Such conditions may need continuous management withpotent opioid . However, this should not be used as a barrier to providingpatients with the best possible care and quality of life. Studies shows that afixed admitting doses is better to relief the pain than 1 full dose of opioid .New dosage forms of opioids that allow slower release of the drug are nowavailable, eg, sustained-release forms of morphine (MS Contin) and oxycodone(OxyContin). Their purported advantage is a longer and more stable level ofanalgesia.

 B. Acute Pulmonary Edema Therelief produced by intravenous morphine in dyspnea from pulmonary edemaassociated with left ventricular heart failure is remarkable. Proposedmechanisms include reduced anxiety ( perception of shortness of breath) and reduced cardiac preload (reduced venoustone) and afterload (decreased peripheral resistance). However, if respiratorydepression is a problem, furosemide may be preferred for the treatment ofpulmonary edema. On the other hand, morphine can be particularly useful whentreating painful myocardial ischemia with pulmonary edema.C.

Cough  Canobtained in lower dose than that which given for pain relief. However, in recentyears the use of opioid analgesics to allay cough has diminished largelybecause a number of effective synthetic compounds have been developed that areneither analgesic nor addictive .D. Diarrhea Diarrhea from any disease or cause can bemanaged with the opioid analgesics, only if the diarrhea is associated withinfection, such use must not substitute for appropriate chemotherapy. Crudeopium preparations (eg, paregoric) were used in the past to control diarrhea,but now synthetic surrogates with more selective gastrointestinal effects andfew or no CNS effects, eg, diphenoxylate or loperamide, are used. E.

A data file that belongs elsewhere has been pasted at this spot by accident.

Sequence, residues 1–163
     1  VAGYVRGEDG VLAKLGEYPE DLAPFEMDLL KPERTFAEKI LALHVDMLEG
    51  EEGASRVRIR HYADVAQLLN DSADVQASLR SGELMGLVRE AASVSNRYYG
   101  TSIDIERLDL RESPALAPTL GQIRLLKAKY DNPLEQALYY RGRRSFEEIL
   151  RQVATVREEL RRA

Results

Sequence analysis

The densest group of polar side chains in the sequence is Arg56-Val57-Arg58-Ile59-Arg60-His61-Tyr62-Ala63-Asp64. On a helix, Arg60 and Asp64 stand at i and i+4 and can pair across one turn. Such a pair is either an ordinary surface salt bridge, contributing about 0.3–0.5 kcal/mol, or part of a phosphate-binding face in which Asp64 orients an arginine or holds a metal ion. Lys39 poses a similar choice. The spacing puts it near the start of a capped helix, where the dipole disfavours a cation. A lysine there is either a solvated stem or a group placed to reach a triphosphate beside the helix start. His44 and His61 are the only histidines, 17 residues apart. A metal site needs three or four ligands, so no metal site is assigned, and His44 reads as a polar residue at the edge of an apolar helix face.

Shivering  Althoughall opioid agonists have some propensity to reduce shivering, meperidine isreported to have the most pronounced ant shivering properties. Meperidineapparently blocks shivering mainly through an action on subtypes of the ?2  adrenoceptor.     Adverseeffect of opioids Nausea and vomiting: opioid will stimulate the receptor of nausea and vomiting that present in gastrointestinal tract also it will stimulate the center which present in brain stem that will produce nausea and vomiting in patient. Some opioids such as morphine and codeine cause more nausea than other opioids.